Both Bowling Green and Akron have new coaches. BG fired coach Jennifer Roos after four straight losing seasons. Roos was Curt Miller’s top assistant when the Falcons dominated the MAC from 2003 to 2012. She was named head coach when he left for Indiana and went 24-11 in her first season and 30-5 in her second. But she never had another winning season.

Her replacement is Robyn Fralick, who went a spectacular 104-3, including a national Division II championship, at Ashland University. Her 2017-18 Ashkland team went 36-1 and averaged 98.5 points a game. BG returns three starters but lost leading scorer Carly Santoro, who graduated early and transferred to Ohio State.

Akron coach Jodi Kest retired in April. Her teams had been 9-21 in each of the last two seasons. Kest took over a dreadful Akron program in 2006-07 and built a team that won at least 19 games from 2012 to 2016. Her replacement is her top assistant, Melissa Jackson. Akron returns its top two scorers and six players who started at least 11 games.

In the MAC West, defending champion Central Michigan, which also went to the Sweet 16 in the NCAA tournament, was a unanimous choice to win the division. Chippewa guard Presley Hudson and forward Reyna Frost were both on the preseason all-division team.

Toledo was picked second, Eastern Michigan third, Northern Illinois fourth, Ball State fifth and Western Michigan sixth. Eastern is a bit of a surprise to me; the Eagles were last in the division last season but have had the top-rated freshman class in the conference in both of coach Fred Castro’s two seasons.

Ball State’s low ranking surprised me, too, until I discovered two of the Cardinals’ best players had graduated early and transferred. Point guard Carmen Grande, who led the MAC in assists last season, is at Ohio State, and forward Destiny Washington, the team’s second-leading scorer, is now at Florida Gulf Coast.

Joining the two Central players on the all-West preseason team are Eastern Michigan senior guard Danielle Minott, Northern Illinois wing Courtney Woods, and Toledo center Kaayla McIntyre.

(Kent State, by the way, plays West Division opponents Eastern and Western Michigan twice this season, plays Toledo and Ball State on the road and Northern and Central in Kent.)

Nine coaches voted Central to win the overall MAC title. Two voted for Miami and one for Ohio. Eight predicted Central would win the MAC tournament. Three chose Buffalo and one Northern Illinois.

 

 

The shooting guard/cellist and other intelligence from the 2018-19 Flashes

Cartrer  Megan and cello

Megan Carter in action and with her cello, in photo she shared from several years ago. 

It’s not too often you catch an athlete completely off guard in a press conference, but redshirt junior guard Megan Carter was stopped short at the media day last week. It didn’t have anything to do with basketball.

“Tell me about the cello,” I asked in the last question of the event. (These things are not very formal.)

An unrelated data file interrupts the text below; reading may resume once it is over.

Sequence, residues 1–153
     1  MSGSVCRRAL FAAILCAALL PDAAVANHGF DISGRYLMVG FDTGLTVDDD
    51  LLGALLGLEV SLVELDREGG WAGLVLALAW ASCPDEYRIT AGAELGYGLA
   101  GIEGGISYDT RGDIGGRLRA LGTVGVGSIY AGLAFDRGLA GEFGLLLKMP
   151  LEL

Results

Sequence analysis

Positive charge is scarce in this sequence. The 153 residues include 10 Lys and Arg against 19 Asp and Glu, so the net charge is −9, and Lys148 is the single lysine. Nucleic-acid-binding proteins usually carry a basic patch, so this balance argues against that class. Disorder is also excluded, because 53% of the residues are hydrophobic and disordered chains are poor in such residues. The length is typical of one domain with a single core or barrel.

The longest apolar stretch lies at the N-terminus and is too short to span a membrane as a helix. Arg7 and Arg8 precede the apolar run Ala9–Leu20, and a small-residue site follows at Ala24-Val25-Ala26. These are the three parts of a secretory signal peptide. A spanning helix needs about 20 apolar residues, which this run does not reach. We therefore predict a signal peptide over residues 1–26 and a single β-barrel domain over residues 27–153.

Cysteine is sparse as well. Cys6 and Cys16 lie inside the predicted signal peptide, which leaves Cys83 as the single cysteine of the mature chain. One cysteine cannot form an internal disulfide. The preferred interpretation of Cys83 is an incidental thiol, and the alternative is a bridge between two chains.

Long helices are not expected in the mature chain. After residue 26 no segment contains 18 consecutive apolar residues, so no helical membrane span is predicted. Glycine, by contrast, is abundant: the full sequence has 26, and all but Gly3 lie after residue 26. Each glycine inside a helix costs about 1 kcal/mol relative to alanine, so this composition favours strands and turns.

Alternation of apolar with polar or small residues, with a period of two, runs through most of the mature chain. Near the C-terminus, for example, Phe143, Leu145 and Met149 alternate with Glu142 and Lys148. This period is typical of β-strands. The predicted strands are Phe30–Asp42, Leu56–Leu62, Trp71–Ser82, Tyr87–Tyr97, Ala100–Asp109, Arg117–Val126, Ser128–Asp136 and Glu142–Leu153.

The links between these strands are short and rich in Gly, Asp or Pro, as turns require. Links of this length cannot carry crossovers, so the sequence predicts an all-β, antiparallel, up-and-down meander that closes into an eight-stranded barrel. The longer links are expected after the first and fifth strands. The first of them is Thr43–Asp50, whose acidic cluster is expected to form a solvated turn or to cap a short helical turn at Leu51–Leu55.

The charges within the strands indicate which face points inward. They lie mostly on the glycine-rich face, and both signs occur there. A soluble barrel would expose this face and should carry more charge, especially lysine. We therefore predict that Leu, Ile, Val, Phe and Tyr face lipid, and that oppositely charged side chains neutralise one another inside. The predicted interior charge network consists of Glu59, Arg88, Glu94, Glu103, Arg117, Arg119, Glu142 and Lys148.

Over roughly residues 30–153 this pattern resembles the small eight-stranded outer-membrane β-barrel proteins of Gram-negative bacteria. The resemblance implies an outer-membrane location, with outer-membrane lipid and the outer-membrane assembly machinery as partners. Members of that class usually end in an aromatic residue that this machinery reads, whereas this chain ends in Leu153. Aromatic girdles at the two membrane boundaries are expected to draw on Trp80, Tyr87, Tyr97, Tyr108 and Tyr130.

She paused.

“Definitely not expecting that question,” she said.

So she told us that she had been playing for 11 years (about half her life.) She actually had just gotten a new cello, she said with some pride. (“And she can sing, too,” said teammate Alexa Golden, the other player at the press conference. Megan blushed.)

I know no way to look this up, but there can’t be many Division I basketball players with her particular off-court skill.

Between being a full-time student and the long hours of a Division I basketball player, when does she find time to play?

“I set time out of my day for it,” Carter said, “just to escape from basketball and school, and kind of relax into myself.”

(Where did the question come from?  I had seen mention of it on social media sometime in Carter’s first three years here.)

Back to basketball

Carter and Golden were marquee players in former coach Danny O’Banion’s third recruiting class. Golden actually graduated last December after two-and-a-half years  She downplayed it (“I got a lot of college credit in high school”). But I’ve taught a lot of good students in 30 years and never had one graduate that fast. Golden will get her masters in sports recreation and management in May.

Carter, a public health major, was redshirted after she blew out her knee in the third game of her freshman year. So she has another year of eligibility.

Here’s what they had to say about the upcoming season:

What they’ve worked on to prepare for the season

Carter: “Consistency. I’ve just all around bringing it every day to practice. Last year I had a couple big games, and the next couple of games I would just disappear and have like two points.”

Golden: “Communication. We have so many new people on the team that you have to communicate. You can’t just lead by example.”

How they’ve worked with Kent’s five freshmen and two junior college transfers:

Carter: “Just setting the standard. We want to complete at a high level at all times.”

Golden, who coach Todd Starkey leads the team in toughness: “I’ve always been the type of player that will dive  for loose balls and take charges. You just show them.  They’re going to catch on. Then that’s the norm.”

On the up-tempo style of play Starkey says new players allow 

Golden: “I like playing a little faster and getting points in transition. People know that I like defense probably more than offense. So I always had the thought process that defense creates offense. Playing faster helps that.”

The newcomer who best guards Carter (KSU’s top returning scorer)

“Asiah (Dingle, the freshman point guard). She has very, very quick hands. I have to think and do stuff differently to score the ball.”

On Golden’s health (she had major leg problems in February and March)

“Things are OK.  I guess I’m getting old. So it’s sort of training room every day before practice and after practice, trying to stop the aging.”